[This is taken from a note I sent to two women in our fellowship who are coordinating volunteers to help with our fellowship activities]

You both have expressed to me that it’s been hard to get people to sign up for helping with the fellowship activities. I wanted to share some thoughts and ideas with you about all this that will hopefully encourage you–

First, I think of service as “Kingdom currency” – the more someone serves, the more they grow and contribute to the body of Christ and the richer they are spiritually. Serving is essential to spiritual growth. Our goal at MVFF — no matter how big we get — is to always have something for someone to do because that’s how they grow in their relationship with Jesus and others. I don’t think of it as “having enough people to get the stuff done,” but “having enough stuff to get the people done.” So, in asking people to serve, you’re actually doing them a favor. While it may be difficult for them initially, it will be invaluable to them (and become a way of life for them) long-term.

Second, the more people feel loved and cared for, the more likely they will be to serve. At this point, I think everyone feels loved enough that they would happy to help out in some way. However, if at first someone refuses to help, try spending a little more time with them. If you continue to get strong resistance from someone, though, please let me know. To me that evinces a deeper issue that we need to address.

Third, many people are not used to serving or do not have the “gift of service” (some people are just wired to help, like others are wired to teach). Regardless, because of how essential serving is to people’s spiritual health and because we aspire to be like Jesus who was the ultimate Server, I suggest you ask everyone in our fellowship to help with one or more of the fellowship activities. For example, take a list of every individual in the church and unapologetically ask them to take one of the service activities (e.g., “John, will you help with clean-up on the 20th, please?”) If someone says they can’t, then ask them if they can do something else. At this point, I recommend you don’t email the list of activities to the church or leave it out for people to sign — I think we need to take it to the next level and directly ask people. (My only caution is to wait until someone has been coming more than 6 weeks or has made an explicit commitment to our body before we plug them into a service activity. Serving our body is something that should be done by people who are in the body.)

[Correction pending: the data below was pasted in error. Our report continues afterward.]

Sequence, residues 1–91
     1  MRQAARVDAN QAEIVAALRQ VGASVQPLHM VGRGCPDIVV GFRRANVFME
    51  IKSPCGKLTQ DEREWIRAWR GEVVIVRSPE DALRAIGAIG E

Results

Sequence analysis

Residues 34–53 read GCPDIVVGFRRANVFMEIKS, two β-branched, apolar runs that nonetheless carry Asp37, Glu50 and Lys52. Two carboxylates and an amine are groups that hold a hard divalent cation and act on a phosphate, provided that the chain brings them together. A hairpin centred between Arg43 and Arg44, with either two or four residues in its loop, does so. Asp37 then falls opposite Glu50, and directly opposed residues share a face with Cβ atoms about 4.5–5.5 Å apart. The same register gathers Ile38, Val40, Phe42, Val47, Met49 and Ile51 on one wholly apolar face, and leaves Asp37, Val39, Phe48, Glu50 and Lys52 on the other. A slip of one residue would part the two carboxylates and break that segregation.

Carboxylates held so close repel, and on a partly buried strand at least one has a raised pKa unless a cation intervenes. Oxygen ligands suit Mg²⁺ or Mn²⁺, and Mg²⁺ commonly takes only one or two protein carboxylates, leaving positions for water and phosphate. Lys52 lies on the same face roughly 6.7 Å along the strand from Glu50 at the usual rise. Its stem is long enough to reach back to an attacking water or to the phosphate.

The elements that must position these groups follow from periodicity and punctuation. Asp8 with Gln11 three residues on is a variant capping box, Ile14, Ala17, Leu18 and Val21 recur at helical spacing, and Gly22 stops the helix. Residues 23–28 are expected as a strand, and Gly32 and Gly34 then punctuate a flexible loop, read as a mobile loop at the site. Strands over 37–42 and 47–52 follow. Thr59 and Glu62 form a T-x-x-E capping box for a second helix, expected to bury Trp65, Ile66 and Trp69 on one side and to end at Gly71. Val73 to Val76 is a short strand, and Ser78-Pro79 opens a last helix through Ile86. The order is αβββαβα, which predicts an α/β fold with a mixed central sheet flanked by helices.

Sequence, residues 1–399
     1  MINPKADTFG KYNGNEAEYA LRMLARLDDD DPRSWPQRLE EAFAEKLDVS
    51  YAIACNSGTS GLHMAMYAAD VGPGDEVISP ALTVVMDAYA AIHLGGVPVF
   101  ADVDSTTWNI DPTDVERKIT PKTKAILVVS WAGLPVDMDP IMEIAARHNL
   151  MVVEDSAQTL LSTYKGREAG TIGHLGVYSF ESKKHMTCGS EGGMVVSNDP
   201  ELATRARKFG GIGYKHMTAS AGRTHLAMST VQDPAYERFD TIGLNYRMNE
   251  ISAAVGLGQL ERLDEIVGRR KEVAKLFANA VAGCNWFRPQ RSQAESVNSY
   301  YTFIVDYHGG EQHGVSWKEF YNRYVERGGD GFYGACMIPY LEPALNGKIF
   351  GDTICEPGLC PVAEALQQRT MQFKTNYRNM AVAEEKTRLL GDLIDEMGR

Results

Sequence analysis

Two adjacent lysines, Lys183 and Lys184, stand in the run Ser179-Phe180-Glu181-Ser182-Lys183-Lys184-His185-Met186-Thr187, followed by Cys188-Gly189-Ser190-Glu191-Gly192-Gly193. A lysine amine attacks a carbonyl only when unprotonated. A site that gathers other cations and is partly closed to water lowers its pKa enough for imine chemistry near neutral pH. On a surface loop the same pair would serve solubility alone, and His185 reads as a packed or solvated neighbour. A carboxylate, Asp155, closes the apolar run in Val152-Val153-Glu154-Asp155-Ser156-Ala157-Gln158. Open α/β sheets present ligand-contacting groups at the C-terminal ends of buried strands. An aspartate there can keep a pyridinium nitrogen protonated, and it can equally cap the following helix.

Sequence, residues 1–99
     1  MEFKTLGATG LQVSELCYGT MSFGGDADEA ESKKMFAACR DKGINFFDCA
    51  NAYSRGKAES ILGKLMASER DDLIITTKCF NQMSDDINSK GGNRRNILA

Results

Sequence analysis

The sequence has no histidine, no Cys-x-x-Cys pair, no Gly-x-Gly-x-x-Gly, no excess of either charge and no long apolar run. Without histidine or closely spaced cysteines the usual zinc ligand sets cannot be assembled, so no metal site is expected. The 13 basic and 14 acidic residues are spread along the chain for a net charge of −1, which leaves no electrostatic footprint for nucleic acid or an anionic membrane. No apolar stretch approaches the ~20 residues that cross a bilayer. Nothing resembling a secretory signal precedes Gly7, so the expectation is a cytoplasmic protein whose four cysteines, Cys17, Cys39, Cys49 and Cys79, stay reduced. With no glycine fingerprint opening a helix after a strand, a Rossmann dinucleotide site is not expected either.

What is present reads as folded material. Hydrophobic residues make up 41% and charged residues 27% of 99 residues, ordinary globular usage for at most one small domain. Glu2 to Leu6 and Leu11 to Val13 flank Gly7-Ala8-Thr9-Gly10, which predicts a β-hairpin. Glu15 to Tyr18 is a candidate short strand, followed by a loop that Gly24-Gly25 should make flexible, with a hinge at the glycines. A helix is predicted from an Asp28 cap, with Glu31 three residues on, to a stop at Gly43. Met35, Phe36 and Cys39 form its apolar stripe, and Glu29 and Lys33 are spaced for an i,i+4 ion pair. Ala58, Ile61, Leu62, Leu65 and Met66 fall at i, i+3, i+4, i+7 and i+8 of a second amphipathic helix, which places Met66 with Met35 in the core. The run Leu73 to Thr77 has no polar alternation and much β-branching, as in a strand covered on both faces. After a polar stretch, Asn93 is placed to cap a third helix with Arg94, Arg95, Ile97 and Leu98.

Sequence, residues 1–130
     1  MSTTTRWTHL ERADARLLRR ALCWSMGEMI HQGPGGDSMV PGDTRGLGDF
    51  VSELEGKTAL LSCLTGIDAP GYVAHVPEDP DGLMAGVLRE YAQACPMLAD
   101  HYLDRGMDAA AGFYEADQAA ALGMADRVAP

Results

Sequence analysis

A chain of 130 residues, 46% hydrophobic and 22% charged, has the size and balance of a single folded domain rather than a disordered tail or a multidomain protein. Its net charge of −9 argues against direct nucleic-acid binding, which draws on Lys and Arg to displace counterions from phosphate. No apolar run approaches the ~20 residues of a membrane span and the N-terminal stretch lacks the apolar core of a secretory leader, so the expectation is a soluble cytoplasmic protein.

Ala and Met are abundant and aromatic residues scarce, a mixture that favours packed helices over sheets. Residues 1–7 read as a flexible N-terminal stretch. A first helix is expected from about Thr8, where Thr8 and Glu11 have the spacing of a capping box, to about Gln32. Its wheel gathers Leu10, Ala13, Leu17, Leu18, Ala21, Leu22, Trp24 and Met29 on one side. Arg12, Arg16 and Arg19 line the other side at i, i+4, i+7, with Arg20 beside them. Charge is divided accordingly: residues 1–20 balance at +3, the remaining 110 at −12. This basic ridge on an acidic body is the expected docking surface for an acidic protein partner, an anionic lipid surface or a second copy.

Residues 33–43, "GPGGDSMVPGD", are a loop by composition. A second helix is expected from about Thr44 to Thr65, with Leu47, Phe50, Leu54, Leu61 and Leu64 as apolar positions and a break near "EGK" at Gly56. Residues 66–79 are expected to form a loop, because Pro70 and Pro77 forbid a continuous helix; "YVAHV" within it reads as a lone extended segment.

Fourth, try to spread out the service activities across the fellowship. It’s tempting to give those who serve a lot more to do, but everyone needs a chance to serve (back to the idea of “getting the people done”). Conversely, don’t worry about burning people out. Give people opportunities to let you (or me) know whether they’ve got too much going on and need a break, but don’t try to run interference for them. Trust that they will tell you if it’s too much.

Fifth, don’t do alone what you can do with someone else. It’s easy to just trust ourselves to get the job done, but remember – it’s not about the job. So if there’s a task that you’re doing (like some of the fellowship activities that nobody has signed up for), invite 1-2 other people to do it with you. Not only does this create stronger relationship between you, it also gets them involved in serving and shows them how to do it so that in the future, they can do it with confidence on their own. For example, when you go to pick up lunch for a post-church activity, ask another woman in the fellowship to go with you. Or when you’re setting up for an event, ask a couple other people to help you and give them specific tasks to do.

Finally, your role of asking people to serve is one of great service too. It can be very uncomfortable, but it is very essential. I commend you both for taking on this role. Also, keep in mind that one of your goals is to work yourself out of a job. As you’re getting people to serve, try to identify others who could eventually take on your fellowship coordinating role and train them to do so. You then can pass on this act of service and move onto something bigger (If you are faithful in little things, you will be faithful in large ones. Luke 16:10).

I hope these thoughts are helpful, despite how long they are! I really didn’t expect to write a thesis on this! : D